Color of Blacktop Driveways

The color of blacktop driveways will vary over time. The guide below is one factor in determine the condition of your blacktop driveway.


 


1. Black

New surface is smooth and crack free.

After curing, deterioration starts. Much like a finish on a new
car, sealcoating provides a wearing surface that preserves the
original surface.

2. Dark Grey

Oxidation is starting. Small shrinkage cracks appear and allow
surface water to penetrate below the surface.

Sealcoating will fill small cracks and will halt oxidation.
Sealcoating provides a complete surface seal.

3. Grey

Shrinkage cracks are getting longer and wider. Surface oxidation
pronounced. More surface water is penetrating to the base.

Sealcoating, along with crack repair, stops surface damage. The
surface will be sealed and original appearance is restored.
4. Light Grey Reaching
critical point where increasing moisture penetration is damaging
base. Surface lines are being abraded and surface is getting
rough.
Adequate
repair and sealcoating will stop surface deterioration. Some
larger cracks, though sealcoated and reduced, might remain
visible. Asphalt is sealed to prevent further weather and
oxidation damage.
5. Light Grey
to White
Oxidation,
cracking, abrading, and base damage occurring at increasing
rate. Surface stones are being dislodged by traffic. Surface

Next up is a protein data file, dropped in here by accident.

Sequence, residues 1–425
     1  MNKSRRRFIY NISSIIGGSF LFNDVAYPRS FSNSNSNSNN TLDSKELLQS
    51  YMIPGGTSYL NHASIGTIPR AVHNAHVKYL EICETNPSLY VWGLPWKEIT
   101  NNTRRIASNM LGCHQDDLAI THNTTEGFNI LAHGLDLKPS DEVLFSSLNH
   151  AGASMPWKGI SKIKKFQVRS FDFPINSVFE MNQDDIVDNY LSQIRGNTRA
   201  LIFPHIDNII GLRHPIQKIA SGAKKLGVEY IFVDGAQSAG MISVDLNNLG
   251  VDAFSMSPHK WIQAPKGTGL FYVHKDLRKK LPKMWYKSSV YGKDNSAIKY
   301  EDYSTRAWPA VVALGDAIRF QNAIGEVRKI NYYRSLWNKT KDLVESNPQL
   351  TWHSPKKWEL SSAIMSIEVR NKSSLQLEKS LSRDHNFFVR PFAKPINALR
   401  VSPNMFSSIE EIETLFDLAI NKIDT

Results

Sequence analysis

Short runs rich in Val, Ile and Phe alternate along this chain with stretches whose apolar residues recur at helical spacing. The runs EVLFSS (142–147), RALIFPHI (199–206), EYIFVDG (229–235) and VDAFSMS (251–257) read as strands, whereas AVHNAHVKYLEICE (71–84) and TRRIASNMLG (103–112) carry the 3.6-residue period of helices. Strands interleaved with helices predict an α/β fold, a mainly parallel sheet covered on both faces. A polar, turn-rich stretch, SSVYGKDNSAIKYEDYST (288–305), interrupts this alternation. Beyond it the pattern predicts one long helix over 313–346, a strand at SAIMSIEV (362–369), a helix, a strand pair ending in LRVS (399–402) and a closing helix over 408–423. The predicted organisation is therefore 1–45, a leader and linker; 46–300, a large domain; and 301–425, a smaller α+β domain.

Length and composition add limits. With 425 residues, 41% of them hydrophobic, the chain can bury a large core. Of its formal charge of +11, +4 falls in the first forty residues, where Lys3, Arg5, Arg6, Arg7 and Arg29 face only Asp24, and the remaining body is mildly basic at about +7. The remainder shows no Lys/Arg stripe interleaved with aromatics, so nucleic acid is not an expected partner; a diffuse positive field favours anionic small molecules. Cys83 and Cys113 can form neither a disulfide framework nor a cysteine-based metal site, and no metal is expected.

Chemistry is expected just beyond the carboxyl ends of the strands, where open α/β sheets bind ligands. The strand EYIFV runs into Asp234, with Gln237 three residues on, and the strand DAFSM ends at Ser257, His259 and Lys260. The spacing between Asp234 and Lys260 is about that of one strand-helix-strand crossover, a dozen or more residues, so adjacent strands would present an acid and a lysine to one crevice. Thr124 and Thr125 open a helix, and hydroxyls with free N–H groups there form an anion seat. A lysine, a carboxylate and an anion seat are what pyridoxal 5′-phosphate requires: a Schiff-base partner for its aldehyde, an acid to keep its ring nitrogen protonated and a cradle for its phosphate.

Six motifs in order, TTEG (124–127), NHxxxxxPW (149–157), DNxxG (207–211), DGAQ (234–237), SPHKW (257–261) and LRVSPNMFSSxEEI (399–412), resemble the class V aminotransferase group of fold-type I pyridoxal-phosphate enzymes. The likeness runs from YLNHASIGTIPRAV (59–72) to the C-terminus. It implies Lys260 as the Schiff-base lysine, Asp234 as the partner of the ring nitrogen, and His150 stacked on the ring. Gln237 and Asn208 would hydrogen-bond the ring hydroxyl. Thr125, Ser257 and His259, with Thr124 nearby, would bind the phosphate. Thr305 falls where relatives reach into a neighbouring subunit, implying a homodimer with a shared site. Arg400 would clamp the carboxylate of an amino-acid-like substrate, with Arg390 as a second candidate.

texture is open and rough.
This is your
last chance for proper sealcoating! Further deterioration will
inevitably lead to an expensive overlay or complete replacement
of asphalt.
6. Light Grey
to White
General
disintegration rate accelerated due to previous base and surface
damage. Shrinkage at curb lines creating large gaps.
If moisture
damage to base is not too great, sealcoating or an overlay may
extend surface life. It is no longer practical to sealcoat until
after extensive repairs are completed.
7. Bone White Base failure
has allowed affected area to settle and crack in gator pattern.
Base failure hastened by previous water penetration. Base and
surface failure spreads from this point. Surface is
disintegrating rapidly.
Extensive
infrared repairs or an overlay is a must!  Sealcoating will not
stop base collapse.
8. White Areas are
breaking up. Loose blocks are rocking and can be dislodged.
General surface is very poor.
An overlay or
complete replacement of asphalt is required.
9. White Large pieces
of pavement are breaking off edges. Traffic is forced to slow
down to avoid large holes.
An overlay or
complete replacement of asphalt is required.
10. White
Base materials
are splashed out. Surface is heaved and generally broken.
Replacement of
asphalt is required.

 

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